Familiarity doesn’t always breed contempt

There are many authors who hit on a successful or popular idea for a novel and, more or less, repeat the winning formula with each new publication. There are far fewer authors who can do this without displaying some level of contempt for their readers. I’ve lost count of the series and authors I’ve given up reading because it felt to me like the author was having a laugh at readers’ expense; wondering just how dull and stupid they can make their books before the money stops rolling in.

But rather than focusing on those authors who’ve stopped trying I thought it worth mentioning some of those authors who do manage to sustain their quality even while offering the kind of familiar predictability that some readers always want and most readers sometimes want.

ShatteredDickFrancisAudioAlthough most of Dick Francis books are standalone novels they are all follow the same kind of story arc featuring the same kind of protagonist. He (and he’s always a he though sometimes he meets a significant female ‘other’ along the way) is always an independent, intelligent chap whose job or life somehow intersects with the world of horses. Of course there are jockeys and trainers and bookies but also I can think of someone who owned a horse transporting company, a banker who funded the syndicates who buy expensive horses, a pilot who flies racegoers to meetings and a consultant with expertise in kidnap negotiation who gets embroiled in a series of kidnaps involving racing identities. There is always danger of some sort, usually a death or two but not always, and the chap is the only one who can solve the mystery and stand up to whoever needs standing up to. I have read all of Francis’ 44 novels (the last 5 of which were co-written with his son) and though I always know what’s going to happen I never feel that Francis is just going through the motions. As well as a good (if predictable) adventure there is always some interesting, well researched subject that I think I’m going to be bored to tears by and end up being fascinated with,and I always enjoy the ride. I’ve lately been listening to those of Francis’ novels which have been gorgeously narrated by English actor Tony Britton (who I realised after I’d listened to a few books was the Inspector in The Day of the Jackal) and am loving the experience. My most recent listen, SHATTERED, was what got me thinking about how some authors can rise above what must be a tempting slide into having contempt for the reader rather than striving to maintain quality. The hero of this one is a glass blower by trade (enter interesting subject) whose best friend is a jockey who dies unexpectedly in a race fall and, because he had something in his possession that nefarious types want, embroils our hero in dangerous mayhem.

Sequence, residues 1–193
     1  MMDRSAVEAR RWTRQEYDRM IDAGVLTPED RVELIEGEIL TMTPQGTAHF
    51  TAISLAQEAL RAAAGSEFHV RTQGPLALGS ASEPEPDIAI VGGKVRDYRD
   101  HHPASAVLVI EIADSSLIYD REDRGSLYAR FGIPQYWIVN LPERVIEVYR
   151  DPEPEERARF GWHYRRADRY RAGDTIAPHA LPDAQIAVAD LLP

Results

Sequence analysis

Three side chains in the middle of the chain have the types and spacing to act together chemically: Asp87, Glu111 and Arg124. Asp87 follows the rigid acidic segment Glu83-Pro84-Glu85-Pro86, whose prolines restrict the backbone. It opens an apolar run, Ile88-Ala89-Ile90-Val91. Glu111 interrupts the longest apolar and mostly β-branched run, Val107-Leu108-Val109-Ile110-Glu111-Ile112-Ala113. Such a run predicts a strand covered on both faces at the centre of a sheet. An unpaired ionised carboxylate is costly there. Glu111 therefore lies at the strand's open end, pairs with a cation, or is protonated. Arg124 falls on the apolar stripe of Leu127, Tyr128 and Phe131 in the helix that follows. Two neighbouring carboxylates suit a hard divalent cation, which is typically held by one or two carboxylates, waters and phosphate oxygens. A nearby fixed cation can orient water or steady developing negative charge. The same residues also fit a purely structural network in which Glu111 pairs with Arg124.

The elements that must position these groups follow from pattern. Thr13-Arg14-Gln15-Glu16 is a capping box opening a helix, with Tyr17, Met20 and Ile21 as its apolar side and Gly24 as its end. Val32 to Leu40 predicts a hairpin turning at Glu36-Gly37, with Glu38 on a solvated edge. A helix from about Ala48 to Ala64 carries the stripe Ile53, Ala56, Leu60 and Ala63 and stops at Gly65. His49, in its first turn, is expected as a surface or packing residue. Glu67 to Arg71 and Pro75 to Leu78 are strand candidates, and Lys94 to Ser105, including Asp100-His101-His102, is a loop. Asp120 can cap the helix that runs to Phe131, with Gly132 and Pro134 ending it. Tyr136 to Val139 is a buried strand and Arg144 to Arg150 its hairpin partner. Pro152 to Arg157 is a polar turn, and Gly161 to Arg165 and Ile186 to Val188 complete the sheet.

In a different league because they haven’t written nearly so many books as Francis (yet) but similarly striking the balance between predictability and engaging the reader without talking down to them are two relatively recent additions to my favourite authors list:

FonduingFathersHyzyJulie16817_fJulie Hyzy’s white house chef series features Olivia (Ollie) Paras who is, unsurprisingly given the series name, Executive Chef at the home of the American President. Ollie has had five adventures prior to the current release and they all follow a pattern of embroiling someone with a seemingly innocuous occupation in all manner of danger. I’ve all but given up on the traditional cosy mystery because the vast majority felt more like marketing ploys than genuine attempts at writing but Hyzy’s stories are always fun and intelligent and manage to stay this side of the “oh for pete’s sake that couldn’t happen even in a world where all disbelief has been suspended indefinitely” territory. In the latest instalment, FONDUING FATHERS, Ollie’s adventure doesn’t involve her work but instead sees her trying to find out the truth about her father who died when Ollie was very young. There’s still lots of little details about life at the White House (the element which drew me to the series in the first place) and it’s nice to see that world peace is not at risk for a little while.

DyingFallEllyGriffithsAudioElly Griffiths’ series featuring forensic archaeologist Ruth Galloway of the fictitious Norfolk University stands at five novels with this year’s release of DYING FALL. Ruth’s capacity for attracting far more death threats and recently dead body discoveries than several dozen real-world archaeologists would garner in a lifetime is, by now, a given. But it is easy to make allowances for this unlikely series of events because the characters are fantastic – seriously like catching up with old friends – and there is always an interesting ancient legend or two woven into the stories. To the point that it’s easy enough to forget there is a police investigation going on at all. Ruth is not a typical heroine – a single woman who became a mother unexpectedly and late in life, she is smart, cynical and has a great inner voice. Her friends include a curmudgeonly policeman (who has played a very significant role in her life) and a Druid with a surprisingly practical side. In this outing they all make their way north to the Blackpool area when a friend of Ruth’s dies in horrid circumstances after having discovered what might be the bones of an English king.